AMLA 101 – Can a Person Use Proceeds from Unlawful Activities to Pay for Their Legal Fees?

Looking for a Corporate Lawyer:


Can a person use proceeds from unlawful activities to pay for their legal fees? 

The answer is no, as seen in the Court of Appeal case of Deputy Public Prosecutor v Amar Asyraf bin Zolkepli (Public Islamic Bank Bhd, third party) (Messrs Wan Shahrizal, Hari & Co, intervener). We will briefly look at the case below.

Brief fact of the case

Amar was arrested and charged under the Computer Crimes Act and Penal Code for hacking into the Immigration Department software system and provided the software system to a syndicate to do the same (Amar was paid RM1,000.00 by the syndicate every time the use of the software resulted in what the syndicate wanted).

Once the investigation was concluded, the public prosecutor applied for a seizing order (and subsequently a forfeiture order) against Amar’s properties under AMLA. Once that was done, a third party notice (under section 61 of AMLA) was published  to allow any party who has an interest in the properties to attend court and to give reasons as to why the properties shall not be forfeited. 

Two parties came forward to stake their claims, namely:

  1. Public Islamic Bank Bhd, as a third party; and
  2. Messrs Wan Shahrizal, as an intervener (a party who is not named in the suit but has a personal stake in the outcome of the case), is claiming legal fees for representing Amar in the current case.

The High Court allowed both claims. Unsatisfied with the decision (where the court allowed the claim by Messrs Wan Shahrizal), the public prosecutor appealed the matter to the Court of Appeal.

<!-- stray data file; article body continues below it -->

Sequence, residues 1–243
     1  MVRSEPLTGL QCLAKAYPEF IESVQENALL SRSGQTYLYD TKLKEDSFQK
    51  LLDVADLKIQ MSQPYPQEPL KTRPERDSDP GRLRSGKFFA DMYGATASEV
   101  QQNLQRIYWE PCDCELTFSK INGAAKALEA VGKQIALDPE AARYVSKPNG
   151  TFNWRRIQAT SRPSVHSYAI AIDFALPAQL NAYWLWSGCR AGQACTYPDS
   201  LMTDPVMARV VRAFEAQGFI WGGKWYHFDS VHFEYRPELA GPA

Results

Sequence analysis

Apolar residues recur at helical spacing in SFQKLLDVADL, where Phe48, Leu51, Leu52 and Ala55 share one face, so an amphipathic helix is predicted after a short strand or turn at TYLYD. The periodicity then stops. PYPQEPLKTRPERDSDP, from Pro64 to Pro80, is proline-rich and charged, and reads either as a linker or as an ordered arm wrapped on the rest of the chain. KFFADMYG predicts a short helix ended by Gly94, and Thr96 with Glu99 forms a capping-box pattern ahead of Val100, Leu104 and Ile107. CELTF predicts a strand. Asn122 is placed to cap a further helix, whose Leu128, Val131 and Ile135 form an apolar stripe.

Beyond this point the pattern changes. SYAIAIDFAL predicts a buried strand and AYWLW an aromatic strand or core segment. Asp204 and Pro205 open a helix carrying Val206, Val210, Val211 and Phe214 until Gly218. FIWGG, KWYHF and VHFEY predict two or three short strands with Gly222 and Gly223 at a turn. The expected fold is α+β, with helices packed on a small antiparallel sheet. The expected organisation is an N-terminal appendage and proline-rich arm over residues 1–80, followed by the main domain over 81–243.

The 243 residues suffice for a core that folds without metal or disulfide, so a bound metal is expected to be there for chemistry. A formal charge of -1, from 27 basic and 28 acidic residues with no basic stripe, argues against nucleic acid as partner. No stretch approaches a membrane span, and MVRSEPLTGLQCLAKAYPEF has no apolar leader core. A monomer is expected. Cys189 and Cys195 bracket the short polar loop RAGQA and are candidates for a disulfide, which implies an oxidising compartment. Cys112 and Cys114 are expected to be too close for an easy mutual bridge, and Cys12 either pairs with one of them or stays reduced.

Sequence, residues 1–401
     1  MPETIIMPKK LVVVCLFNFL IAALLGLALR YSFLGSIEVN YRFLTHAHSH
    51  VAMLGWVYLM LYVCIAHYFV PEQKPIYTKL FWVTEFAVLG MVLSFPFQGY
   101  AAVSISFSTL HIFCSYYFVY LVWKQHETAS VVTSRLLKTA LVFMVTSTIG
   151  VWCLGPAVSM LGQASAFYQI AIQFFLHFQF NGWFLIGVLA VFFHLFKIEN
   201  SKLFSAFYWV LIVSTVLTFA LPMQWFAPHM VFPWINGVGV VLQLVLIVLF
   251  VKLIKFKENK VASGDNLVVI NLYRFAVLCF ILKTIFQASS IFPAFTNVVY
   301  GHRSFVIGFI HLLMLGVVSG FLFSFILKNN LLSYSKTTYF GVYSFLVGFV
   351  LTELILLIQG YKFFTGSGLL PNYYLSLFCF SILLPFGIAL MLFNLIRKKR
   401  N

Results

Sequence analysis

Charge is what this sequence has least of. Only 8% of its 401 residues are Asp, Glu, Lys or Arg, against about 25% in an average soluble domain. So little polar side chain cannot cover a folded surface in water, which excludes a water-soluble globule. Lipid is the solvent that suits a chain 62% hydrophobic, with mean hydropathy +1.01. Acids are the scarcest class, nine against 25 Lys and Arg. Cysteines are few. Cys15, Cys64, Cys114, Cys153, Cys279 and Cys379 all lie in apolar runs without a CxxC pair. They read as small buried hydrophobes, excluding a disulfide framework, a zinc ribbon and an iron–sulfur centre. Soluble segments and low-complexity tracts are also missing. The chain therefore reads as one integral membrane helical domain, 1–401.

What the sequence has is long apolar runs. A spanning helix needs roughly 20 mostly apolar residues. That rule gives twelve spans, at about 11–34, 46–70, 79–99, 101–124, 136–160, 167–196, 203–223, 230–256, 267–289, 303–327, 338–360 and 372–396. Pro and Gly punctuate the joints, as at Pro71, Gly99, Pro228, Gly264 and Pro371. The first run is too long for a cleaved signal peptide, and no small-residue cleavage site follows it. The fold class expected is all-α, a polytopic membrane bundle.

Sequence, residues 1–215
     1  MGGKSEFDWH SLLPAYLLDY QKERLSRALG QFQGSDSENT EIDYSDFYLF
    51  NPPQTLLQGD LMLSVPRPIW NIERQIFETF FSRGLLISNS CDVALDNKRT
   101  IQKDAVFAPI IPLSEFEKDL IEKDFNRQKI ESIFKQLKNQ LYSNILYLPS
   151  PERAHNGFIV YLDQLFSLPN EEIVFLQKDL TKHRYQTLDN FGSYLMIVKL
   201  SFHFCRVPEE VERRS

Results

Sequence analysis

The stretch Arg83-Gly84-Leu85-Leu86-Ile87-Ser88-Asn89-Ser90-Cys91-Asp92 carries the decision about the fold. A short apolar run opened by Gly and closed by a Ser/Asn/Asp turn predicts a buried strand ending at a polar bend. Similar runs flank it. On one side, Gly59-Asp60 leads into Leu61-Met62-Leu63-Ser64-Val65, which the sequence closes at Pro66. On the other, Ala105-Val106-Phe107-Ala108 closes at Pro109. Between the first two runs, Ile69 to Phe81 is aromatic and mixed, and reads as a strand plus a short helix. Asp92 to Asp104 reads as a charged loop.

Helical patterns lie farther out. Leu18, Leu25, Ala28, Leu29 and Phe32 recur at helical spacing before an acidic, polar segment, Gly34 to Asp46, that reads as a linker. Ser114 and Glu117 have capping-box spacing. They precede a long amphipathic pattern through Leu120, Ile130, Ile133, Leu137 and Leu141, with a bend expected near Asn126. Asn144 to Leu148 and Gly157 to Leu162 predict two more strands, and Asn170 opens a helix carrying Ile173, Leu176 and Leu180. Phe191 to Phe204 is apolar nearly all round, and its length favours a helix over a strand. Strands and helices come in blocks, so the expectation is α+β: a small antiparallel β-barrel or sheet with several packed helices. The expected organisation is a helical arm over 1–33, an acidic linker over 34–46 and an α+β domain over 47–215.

The parties’ contention

The public prosecutor contended (amongst others) that the legal fees cannot be paid from Amar’s seized properties as they were the proceeds of unlawful activity. If such a claim were to be allowed, it would potentially open up floodgates of claims- everyone would come and claim that they have a legitimate interest in the seized properties.

Messrs Wan Shahrizal’s lawyer claimed otherwise. They claimed that as a person has the right to be represented (enshrined by Article 5(3) of the Federal Constitution), this automatically means/ imposes the responsibility on the person who is represented by a lawyer to pay his legal fees as well. Otherwise, no one would want to represent such a person.

The court’s decision and rationale

The Court of Appeal sided with the public prosecutor. In coming to its decision, the court noted that the purpose of AMLA is to prevent money laundering and forfeiture of proceeds from any unlawful activity as specified under the Act. This includes preventing any person or body from obtaining any benefit from the proceeds of the unlawful activity.

Furthermore, the court noted that the fact that payment of legal fees cannot be made from the seized property, as it was the proceeds of unlawful activity, should not be considered as hindering the rights to counsel.

The court’s solution

So does this mean that Messrs Wan Shahrizal cannot claim for any legal fees at all? Not quite, as the court pointed out:

  1. Messrs Wan Shahrizal can take legal action against the respondent for the unpaid legal fees personally, provided that there is a contract entered between them (Messrs Wan Shahrizal to represent Amar and Amar pays Messrs Wan Shahrizal for the representation). However, in order to do so, the court noted that: 
    1. No proprietary interest can be attached to the seized properties which are the proceeds of an unlawful activity as this is a personal action against Amar; and 
    2. This is applicable only if a judgment has been obtained against Amar for the payment of the legal fees, which is none in the current case.
  2. Amar can still pay Messrs Wan Shahrizal’s legal fees from his properties which are not proceeds of unlawful activity. 

Consult with a lawyer if you have any dispute regarding shareholders agreement:


  1. [2020] 12 MLJ 287.
  2.  1997.

Read our previous articles here:

  1. Challenging An Act of Seizure By Way Of Judicial Review
  2. AMLA MALAYSIA: Instituting A Civil Action After Seizure-Is It Possible?
  3. AMLA Malaysia – Introduction to “Smurfing”
  4. The Ultimate Guide To Buying Property In Malaysia